Several years ago, I was teaching a Sunday School class of 12-year-olds. It was a wonderful group of kids, and I so enjoyed being with them every week. On that particular Sunday, we were discussing the story of Elisha, the widow, and her oil (see II Kings, chap. 4), which was included in that week’s Christian Science Bible Lesson.
In this story a widow, the wife of one of the sons of the prophets, came to the prophet Elisha, saying that her husband had died. She was in debt, and now her sons were going to be taken by her creditors. Of course, she was feeling great fear. Elisha asked her, “What do you have in the house?” and she responded, “Nothing at all, except a flask of olive oil” (New Living Translation). Elisha then told her something that probably sounded very odd: He told her to go and collect as many pots as she could find. She did this, and when she came back home, he told her to pour the oil into these pots. When she did, she was able to fill all the pots and still have a little oil remaining. Elisha then told her, “Now sell the olive oil and pay your debts.” The widow and her household were saved.
The kids found this story very interesting, and toward the end of our discussion, I asked them what they thought about it. I said, “Do you think this is something that only happened during Bible times, or could it happen today?”
They were kind of stumped. They thought about the question for a while, and finally concluded that they honestly didn’t know. They wondered what I thought. I told them that I thought the reason we continue to read these Bible stories is because, yes, they are relevant to us today. I had to admit that never in my life had I actually seen oil multiply—but I have seen many times in which I turned to God and my needs were met, often in surprising ways, and even in ways that might appear miraculous. So my answer was: Yes, these things still happen in our times, just as they did in the days of Elisha. We’re relying on the same spiritual laws and truths that Elisha was relying on. The kids and I found this a satisfying answer, and the class continued.
I was able to get calm and feel confident that God really was meeting my every need.
The next day, Monday, I went to take money out of my bank account and was stunned to discover I had no money left. The reason was because I had recently moved from one apartment to another, and the moving costs had been far greater than I had expected. They included some incidental expenses that had happened on the day of the move, and I had pulled money out of my bank account to cover them without stopping to check my balance. That morning I discovered, much to my horror, that I had basically spent all my money—savings and everything. It was a week or two until my next paycheck, so I had no money to get by on in the days ahead.
I must admit I felt some panic, and I wondered if I should try to borrow some money from someone, as uncomfortable as I felt about doing that. Suddenly it occurred to me that just a few hours before I had been assuring the kids that God meets all our needs. I asked myself, Do I really believe what I told those kids, and if I do, can’t I put that into action right now? So instead of making a move to borrow money, I turned to God in prayer.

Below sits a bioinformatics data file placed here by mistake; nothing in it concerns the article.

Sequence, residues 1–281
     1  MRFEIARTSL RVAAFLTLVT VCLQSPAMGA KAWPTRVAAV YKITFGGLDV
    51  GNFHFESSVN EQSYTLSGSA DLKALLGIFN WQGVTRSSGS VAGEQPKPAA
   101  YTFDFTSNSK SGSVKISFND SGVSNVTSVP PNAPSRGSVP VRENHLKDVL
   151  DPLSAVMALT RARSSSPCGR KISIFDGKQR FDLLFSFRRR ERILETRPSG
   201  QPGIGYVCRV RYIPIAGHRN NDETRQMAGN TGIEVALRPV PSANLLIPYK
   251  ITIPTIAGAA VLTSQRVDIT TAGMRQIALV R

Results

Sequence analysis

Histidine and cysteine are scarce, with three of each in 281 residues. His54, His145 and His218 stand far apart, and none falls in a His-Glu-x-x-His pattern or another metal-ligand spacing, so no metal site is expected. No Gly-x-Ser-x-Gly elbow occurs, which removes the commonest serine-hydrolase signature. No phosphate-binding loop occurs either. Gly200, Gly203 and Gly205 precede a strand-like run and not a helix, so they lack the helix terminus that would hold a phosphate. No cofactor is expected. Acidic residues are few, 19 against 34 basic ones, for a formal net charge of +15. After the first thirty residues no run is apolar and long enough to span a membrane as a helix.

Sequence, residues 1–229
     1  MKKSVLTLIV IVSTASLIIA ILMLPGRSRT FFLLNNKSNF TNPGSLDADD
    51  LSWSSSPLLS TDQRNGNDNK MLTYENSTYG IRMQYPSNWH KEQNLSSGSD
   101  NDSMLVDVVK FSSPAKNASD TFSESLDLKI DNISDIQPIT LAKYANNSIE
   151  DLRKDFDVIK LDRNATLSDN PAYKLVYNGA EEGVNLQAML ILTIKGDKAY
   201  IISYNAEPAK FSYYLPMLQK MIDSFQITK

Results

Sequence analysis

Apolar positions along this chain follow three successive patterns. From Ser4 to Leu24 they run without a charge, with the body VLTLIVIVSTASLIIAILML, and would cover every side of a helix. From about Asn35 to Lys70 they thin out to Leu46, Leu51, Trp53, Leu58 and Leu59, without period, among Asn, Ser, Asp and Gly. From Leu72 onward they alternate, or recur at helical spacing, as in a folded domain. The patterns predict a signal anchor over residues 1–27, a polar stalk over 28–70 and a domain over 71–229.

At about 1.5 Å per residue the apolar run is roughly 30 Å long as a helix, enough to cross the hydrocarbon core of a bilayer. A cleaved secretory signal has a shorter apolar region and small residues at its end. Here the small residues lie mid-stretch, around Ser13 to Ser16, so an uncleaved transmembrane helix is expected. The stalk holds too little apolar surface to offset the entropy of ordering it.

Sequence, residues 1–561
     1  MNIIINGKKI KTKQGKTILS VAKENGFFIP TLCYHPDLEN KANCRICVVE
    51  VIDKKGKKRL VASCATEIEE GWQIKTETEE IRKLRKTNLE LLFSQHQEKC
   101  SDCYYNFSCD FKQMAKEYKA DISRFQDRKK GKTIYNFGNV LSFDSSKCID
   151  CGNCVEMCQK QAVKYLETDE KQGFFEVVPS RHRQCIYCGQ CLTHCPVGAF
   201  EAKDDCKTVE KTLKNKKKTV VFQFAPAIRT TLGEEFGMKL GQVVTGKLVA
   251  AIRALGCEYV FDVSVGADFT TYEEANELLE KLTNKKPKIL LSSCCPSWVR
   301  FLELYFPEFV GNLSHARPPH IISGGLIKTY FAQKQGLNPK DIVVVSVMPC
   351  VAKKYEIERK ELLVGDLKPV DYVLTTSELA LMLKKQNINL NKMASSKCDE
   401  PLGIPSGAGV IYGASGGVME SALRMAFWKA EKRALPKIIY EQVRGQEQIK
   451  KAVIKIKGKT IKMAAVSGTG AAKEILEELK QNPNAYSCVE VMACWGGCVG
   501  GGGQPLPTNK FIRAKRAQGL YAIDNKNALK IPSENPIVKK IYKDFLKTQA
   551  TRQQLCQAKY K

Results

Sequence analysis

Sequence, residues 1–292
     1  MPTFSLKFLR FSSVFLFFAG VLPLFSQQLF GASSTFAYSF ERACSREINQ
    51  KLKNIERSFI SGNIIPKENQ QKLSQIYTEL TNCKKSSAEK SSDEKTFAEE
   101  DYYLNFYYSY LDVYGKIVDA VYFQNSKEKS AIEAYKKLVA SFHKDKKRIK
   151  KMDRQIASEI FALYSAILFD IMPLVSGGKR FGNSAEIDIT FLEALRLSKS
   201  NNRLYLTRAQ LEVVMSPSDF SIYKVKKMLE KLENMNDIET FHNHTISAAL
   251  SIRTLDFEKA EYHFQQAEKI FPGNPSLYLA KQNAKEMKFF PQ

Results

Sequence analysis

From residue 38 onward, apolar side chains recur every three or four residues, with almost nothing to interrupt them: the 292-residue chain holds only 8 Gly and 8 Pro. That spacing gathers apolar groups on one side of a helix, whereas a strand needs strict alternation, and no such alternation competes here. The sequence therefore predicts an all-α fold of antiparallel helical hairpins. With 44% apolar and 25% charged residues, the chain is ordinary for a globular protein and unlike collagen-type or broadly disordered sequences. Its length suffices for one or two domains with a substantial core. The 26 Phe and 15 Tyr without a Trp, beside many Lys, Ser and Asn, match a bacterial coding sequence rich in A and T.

I thought about some of the spiritual truths that the kids and I had been discussing during that Sunday School class. I acknowledged that God is our eternal Father-Mother, caring for us at every moment and meeting our every need. I was able to get calm and feel confident that this was the case: God really was meeting my every need. I knew He would lead me in whatever direction was right—even if it was surprising, as with the widow being asked to gather all those pots.
As I prayed, the answer that came seemed to be that I should just calmly proceed with my day. I had enough money in my wallet to get through the day, and the message that God seemed to be giving me was that I didn’t need to be scared or speak to anyone about the situation. So that was what I did.
The next day, much to my surprise, I got a phone call from the friend who had moved into my old apartment. I had completely forgotten that when I moved out, I had left behind a few things that wouldn’t be useful to me in my new place, but that might be useful to him—things like an air conditioner and a small couch. He was calling to remind me that he and I had never talked about any kind of payment for those things left behind. He was finding them very useful and wanted to pay me for them. He suggested a generous sum, and actually walked over during lunch time to give me a check. That money met my needs until the next paycheck.
And that’s not all: A few days after that, I discovered a surprisingly large check in my mailbox from a relative who had never before sent me money out of the blue like that. This relative knew I had just moved into a new apartment and wanted to give me this money as a gift in case there was anything I needed to buy. It was such a sweet gesture. I was able to deposit the check into savings, and it helped me return to the same financial footing I had been on before the move.
This whole experience showed me that, as I had said to the kids, stories of God meeting people’s needs are not just about things that happened in Bible times. They illustrate spiritual laws that we can apply in our lives today.
Marjorie Kehe lives in Jamaica Plain, Massachusetts.
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